From the June 2008 issue of Research Magazine • Subscribe!

How Will a Networker Work?

The idea is to "create wealth, not just make money," says the ambitious Watkins, 28, who wants to "lead the new generation" to a secure future.

Right now, his clients -- sports figures, musicians, actors, writers, directors -- are still on the way up. But he aims to guide them financially all the way to stardom -- and in the process, turn himself into a star advisor.

"I've created alliances now that years from now will help make me a sought-after, top producer," he says from his World Financial Center office in downtown New York City. The FA blends financial astuteness with a hip, chatty style.

Growing up poor in downscale Mount Vernon, N.Y., bordering the Bronx, Watkins, who is half-African American and half-Hispanic, was an honors student but consistently told by guidance counselors and others to ditch his dream of becoming a Wall Street stockbroker. But a steadfast believer in his abilities, Watkins would have none of it.

Now, not only is he a financial advisor but, in under a year, has already accumulated assets of more than $726 million.

Merrill has high expectations for Watkins. "When Jeff gets in front of clients, especially from sports and entertainment, he's really able to connect. They trust him," says Gregory McGauley, director of the firm's World Financial Center Office.

At the moment, Watkins has his own book of business; in the future, he envisions partnering up. "It's harder [nowadays] as a stand-alone advisor to make up for the dwindling amount you can charge. So to get more assets, the emphasis is on groups -- and it will be in the future."

Most evenings find Watkins hobnobbing with the in-crowd at fancy publicity parties and events. "I'm entrenched with the pacemakers who paint the social landscape here," he says. "But my goal isn't to be a socialite. It's to make sure I can effectively [use] these resources to help build a clientele and translate that into money in my pocket," he says.

Watkins has had no problem stepping into a world light-years from his disadvantaged youth. Academically, he was a stand-out; but "I was shy and got teased a lot." Now, at those ritzy, invitation-only events, he has "instant credibility. It takes you to a different level," he says. "Recently I was talking to a couple of guys on the Knicks and a slew of football players who know players that are my clients. They said: 'Oh, yeah -- here's my cell phone number'."

The 6'3" Watkins is athletic himself. It's not surprising that he relates well with his clients. Often their economic background is similar to his own.

"I try to show them we're the quote-unquote new money," he says. "I'm pretty sure, I tell them, that when they were growing up, their situation was like mine: I never had a final advisor knocking on my door. It was more like bill collectors!"

The huge difference between Watkins and his prospects? He realizes that financial planning is crucial. "For 95 percent of these guys, the money they're earning now will be the most they'll ever make in their lives," he says. "I try to help them understand that they need to be disciplined and look toward the future, down a long time-horizon."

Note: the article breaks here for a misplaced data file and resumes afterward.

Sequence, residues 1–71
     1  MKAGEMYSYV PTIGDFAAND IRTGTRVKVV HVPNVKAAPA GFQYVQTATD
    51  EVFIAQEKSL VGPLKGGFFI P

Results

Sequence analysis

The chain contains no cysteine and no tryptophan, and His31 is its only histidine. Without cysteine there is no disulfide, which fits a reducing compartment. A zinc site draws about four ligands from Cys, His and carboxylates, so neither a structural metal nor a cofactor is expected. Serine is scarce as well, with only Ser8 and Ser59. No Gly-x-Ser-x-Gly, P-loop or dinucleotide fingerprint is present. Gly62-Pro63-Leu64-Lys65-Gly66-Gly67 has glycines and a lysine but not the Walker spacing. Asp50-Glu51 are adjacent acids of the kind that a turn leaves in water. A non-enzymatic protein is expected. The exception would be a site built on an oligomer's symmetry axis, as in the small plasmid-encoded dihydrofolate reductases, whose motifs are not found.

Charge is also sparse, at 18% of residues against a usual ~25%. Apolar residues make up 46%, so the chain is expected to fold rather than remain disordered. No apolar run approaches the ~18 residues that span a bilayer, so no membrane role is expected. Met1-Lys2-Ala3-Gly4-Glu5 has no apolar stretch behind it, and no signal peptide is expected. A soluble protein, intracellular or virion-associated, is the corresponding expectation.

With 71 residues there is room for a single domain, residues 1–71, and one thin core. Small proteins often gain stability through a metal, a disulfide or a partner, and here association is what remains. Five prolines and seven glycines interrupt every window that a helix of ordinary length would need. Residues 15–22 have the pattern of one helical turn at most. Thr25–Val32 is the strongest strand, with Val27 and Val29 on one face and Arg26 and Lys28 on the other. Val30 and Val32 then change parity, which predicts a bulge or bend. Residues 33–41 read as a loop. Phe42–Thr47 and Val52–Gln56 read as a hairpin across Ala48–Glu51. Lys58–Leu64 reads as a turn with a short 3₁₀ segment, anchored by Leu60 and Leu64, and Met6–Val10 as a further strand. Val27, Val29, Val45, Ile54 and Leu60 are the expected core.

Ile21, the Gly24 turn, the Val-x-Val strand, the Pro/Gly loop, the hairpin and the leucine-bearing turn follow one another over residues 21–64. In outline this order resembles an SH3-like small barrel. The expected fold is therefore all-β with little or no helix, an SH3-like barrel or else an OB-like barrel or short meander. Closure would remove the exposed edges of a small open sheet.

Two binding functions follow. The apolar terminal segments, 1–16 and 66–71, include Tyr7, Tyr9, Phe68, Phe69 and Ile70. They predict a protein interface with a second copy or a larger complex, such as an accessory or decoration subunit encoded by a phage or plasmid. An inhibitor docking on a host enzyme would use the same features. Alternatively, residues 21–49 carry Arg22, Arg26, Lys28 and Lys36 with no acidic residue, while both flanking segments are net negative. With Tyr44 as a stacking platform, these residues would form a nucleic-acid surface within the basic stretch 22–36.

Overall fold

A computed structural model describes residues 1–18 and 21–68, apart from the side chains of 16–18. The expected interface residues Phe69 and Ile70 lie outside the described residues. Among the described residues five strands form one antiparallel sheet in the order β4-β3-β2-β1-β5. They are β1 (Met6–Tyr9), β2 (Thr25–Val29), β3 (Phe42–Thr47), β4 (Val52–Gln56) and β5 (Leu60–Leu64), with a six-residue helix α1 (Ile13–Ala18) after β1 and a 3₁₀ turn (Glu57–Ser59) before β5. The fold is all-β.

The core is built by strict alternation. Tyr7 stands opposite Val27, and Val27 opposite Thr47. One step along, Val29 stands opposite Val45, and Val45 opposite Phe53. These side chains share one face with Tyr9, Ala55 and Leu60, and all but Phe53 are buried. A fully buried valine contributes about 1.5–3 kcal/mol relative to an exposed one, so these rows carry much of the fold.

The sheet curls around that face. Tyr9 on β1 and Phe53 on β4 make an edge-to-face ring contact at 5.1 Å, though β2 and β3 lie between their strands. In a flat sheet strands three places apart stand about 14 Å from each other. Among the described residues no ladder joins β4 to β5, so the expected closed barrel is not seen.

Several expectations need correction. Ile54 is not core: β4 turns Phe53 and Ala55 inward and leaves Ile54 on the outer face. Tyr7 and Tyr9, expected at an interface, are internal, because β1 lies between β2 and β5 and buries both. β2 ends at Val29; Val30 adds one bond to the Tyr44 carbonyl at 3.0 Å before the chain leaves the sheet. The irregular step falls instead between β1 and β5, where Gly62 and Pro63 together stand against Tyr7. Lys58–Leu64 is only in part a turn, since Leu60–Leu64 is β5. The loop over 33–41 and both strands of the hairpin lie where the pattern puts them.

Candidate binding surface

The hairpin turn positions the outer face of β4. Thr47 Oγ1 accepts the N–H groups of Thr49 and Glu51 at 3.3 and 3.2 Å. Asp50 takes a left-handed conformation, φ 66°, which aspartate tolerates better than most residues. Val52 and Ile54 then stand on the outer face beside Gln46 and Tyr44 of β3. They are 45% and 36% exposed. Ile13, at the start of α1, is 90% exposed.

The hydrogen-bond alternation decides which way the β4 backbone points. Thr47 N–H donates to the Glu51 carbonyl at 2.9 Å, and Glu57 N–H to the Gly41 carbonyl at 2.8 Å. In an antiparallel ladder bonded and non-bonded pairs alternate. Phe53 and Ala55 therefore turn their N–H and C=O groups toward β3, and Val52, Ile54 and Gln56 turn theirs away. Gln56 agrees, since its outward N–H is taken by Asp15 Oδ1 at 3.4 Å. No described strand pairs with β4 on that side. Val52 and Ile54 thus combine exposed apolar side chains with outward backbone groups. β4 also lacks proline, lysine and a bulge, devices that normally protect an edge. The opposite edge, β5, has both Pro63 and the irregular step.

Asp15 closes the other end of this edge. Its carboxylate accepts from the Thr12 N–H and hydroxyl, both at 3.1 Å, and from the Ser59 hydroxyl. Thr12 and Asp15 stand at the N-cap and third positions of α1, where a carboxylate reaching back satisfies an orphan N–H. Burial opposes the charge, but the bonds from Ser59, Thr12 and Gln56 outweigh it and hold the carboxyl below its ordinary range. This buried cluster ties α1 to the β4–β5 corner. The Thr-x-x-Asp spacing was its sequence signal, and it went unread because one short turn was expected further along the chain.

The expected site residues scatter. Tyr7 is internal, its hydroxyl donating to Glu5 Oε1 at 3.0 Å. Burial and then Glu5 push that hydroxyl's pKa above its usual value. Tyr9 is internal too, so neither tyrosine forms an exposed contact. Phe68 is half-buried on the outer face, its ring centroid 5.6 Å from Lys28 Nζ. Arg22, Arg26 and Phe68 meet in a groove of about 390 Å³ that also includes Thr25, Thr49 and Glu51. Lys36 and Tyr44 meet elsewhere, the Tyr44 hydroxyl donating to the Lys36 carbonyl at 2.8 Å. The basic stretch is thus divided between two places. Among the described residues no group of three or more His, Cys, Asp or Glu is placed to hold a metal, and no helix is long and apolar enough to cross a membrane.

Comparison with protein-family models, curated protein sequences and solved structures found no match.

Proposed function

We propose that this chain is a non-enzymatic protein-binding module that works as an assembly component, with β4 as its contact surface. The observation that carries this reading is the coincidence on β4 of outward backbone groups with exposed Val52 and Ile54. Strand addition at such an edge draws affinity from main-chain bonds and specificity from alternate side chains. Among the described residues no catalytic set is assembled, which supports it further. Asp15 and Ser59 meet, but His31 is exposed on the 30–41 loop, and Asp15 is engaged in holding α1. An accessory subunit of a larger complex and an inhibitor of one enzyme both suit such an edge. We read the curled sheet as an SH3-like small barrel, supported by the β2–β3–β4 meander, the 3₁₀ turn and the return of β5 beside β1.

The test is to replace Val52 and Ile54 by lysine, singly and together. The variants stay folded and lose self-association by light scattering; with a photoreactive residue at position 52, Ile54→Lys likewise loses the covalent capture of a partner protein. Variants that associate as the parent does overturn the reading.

He continues. "I've seen football players walking around with a duffel bag with literally a million dollars in cash to blow off for the weekend at clubs."

Watkins began as a cold-calling Morgan Stanley trainee. He didn't mind that prospecting approach but felt frustrated with his role. "I wasn't good with being a junior guy with no stake in the group," he recalls.

Born in Venezuela, to a Chilean mother and African American father -- neither with high school diplomas -- Watkins, at age 8, went to live with his construction worker dad when his parents divorced, five years after the family came to America.

Elmo Watkins fought to have his son bused to a prestigious elementary school. By 8th grade, Jeff wanted to become a stockbroker. "I heard they made a lot of money," he says, "and I had a preconceived notion that it was a cool job."

But after high school, Watkins, at Dad's urging, enlisted in the Marine Corps. The plan was to gain discipline ("I was easily distracted"), then attend college on the G.I. Bill. However, scoring unusually high on his entry tests, he was convinced by a recruiter to apply to the ROTC officers program. He was awarded an ROTC scholarship and later, majoring in economics, graduated from the U.S. Naval Academy at Annapolis.

As a surface warfare officer en route to Iraq in 2003, Watkins was unexpectedly sent back to the States when his father took critically ill. He cared for him until his death four months later.

Watkins' civilian career kicked off in 2005, when he received an honorable discharge from the Navy. Turning down other job offers, he told recruiters he wanted a post on Wall Street. One put him in touch with a Naval Academy alumnus who was a Morgan Stanley regional manager. A year after joining that firm, Watkins moved to Merrill.

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Freelance writer Jane Wollman Rusoff is a Los Angeles-based contributing editor of Research and is the founder of Family Star Productions

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